As my previous post described, there are a whole load of different technologies that are jammed together to produce the applications I’m writing at the moment. In order to provide a little more insight into what’s happening – and so that I can talk about aspects of it in more detail in future posts – I’ve produced a diagram to show the main areas of data flow in the application:
Each of the three large blue boxes represents a different computer. On the left is the database server – we support SQL Server and Oracle. Ultimately this is the real purpose of the software – to put data into the database, and to get it back out again.
In the middle is the web server. As we’re a Microsoft shop we use IIS with ASP.Net – though I do some of my prototype work on a Linux box with Apache and PHP, as that’s more familiar territory for me. The red bit in this box represents the ASP.Net code. The green bit represents the machine’s hard drive – or at least the bits of it that are of interest to me.
Finally, on the right, is the client machine running Firefox or Prism. In theory our code should work on other Gecko-based browsers, but we primarily test on Firefox, and support Prism for those customers who don’t want to install a “browser”, but are happy to install a “runtime environment”. Due to our decision to use XUL as our interface language, the code won’t run on any non-Gecko browsers.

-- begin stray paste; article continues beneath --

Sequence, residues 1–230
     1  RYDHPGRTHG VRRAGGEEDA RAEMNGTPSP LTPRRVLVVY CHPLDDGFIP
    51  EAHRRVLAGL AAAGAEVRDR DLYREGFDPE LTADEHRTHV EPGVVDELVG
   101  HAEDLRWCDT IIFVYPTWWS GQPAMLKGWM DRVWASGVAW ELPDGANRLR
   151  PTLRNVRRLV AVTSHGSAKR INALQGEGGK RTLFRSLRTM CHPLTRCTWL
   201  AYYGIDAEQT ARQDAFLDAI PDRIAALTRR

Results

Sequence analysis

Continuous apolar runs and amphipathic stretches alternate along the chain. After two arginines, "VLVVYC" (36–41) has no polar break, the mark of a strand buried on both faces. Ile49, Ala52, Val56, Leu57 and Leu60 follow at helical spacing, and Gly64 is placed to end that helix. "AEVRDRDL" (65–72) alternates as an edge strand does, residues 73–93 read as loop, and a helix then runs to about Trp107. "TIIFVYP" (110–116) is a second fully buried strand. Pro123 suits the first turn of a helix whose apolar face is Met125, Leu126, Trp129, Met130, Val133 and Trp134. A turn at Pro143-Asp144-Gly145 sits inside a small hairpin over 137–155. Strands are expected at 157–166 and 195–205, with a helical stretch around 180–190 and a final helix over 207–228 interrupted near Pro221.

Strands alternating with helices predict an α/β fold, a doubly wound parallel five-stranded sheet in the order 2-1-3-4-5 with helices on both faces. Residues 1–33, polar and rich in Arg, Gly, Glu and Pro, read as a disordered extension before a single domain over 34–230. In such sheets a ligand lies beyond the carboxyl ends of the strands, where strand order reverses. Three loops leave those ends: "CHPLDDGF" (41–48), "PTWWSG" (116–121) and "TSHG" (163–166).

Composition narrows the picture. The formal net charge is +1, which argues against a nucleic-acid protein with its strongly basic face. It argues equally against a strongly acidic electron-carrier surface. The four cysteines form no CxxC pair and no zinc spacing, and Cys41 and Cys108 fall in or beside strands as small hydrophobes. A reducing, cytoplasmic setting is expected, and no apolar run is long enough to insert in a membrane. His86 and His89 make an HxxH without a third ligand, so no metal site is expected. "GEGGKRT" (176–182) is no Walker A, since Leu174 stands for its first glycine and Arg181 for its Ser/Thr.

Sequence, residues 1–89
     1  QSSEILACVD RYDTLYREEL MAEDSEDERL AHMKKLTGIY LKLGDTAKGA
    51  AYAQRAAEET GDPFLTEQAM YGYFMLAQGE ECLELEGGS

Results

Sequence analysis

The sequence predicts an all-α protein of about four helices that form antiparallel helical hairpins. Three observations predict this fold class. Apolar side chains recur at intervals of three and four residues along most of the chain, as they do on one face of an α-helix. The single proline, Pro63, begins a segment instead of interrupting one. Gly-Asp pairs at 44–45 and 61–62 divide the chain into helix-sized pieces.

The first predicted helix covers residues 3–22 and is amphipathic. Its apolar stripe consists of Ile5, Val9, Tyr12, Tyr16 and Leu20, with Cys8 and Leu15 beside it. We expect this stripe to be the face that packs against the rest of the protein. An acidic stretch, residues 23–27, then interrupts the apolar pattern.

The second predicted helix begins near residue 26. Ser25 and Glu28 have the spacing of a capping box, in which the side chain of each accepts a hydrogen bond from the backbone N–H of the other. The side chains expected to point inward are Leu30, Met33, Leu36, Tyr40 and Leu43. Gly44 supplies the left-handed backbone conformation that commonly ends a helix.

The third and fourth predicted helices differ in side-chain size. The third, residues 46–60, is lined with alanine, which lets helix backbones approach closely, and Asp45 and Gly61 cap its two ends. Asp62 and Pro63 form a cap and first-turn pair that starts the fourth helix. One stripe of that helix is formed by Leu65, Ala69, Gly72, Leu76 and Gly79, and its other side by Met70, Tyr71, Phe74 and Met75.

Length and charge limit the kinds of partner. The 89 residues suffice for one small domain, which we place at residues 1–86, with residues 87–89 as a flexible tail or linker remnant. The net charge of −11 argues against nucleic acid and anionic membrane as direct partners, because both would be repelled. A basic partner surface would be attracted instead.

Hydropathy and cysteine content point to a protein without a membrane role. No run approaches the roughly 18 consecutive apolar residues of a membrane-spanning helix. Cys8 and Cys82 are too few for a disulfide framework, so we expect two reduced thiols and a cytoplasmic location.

The aim – other than putting data into the database – is to generate a user interface on the client machine. If we were just producing a simple, static web page that would be easy – put the file on the web server and point your browser at it. However we need to be a bit more sophisticated than that – so there are quite a few steps that take place when the user requests a “page” of our application. Amongst other things the ASP code injects various strings into the XUL page to ensure that the browser requests the right support files – translations, images, CSS and so on. It also generates translation files from language information stored in the database, and injects the appropriate translation file into the page.
Once the page arrives at the browser, the user can interact with it. Most of our XUL interface consists of our own special widgets which makes them far more powerful than a normal text entry field or checkbox. Those special widgets talk to the server via ASP “web methods”, called using XMLHttpRequest. The result is that our widgets can get data from the database (or put data into it) without having to reload the page – making the application seem far more like a normal desktop application than a web app. It’s the same trick used by GMail and countless other sites these days – but with the framework that XUL gives us we can easily produce a much richer interface than you get from an HTML-based application.
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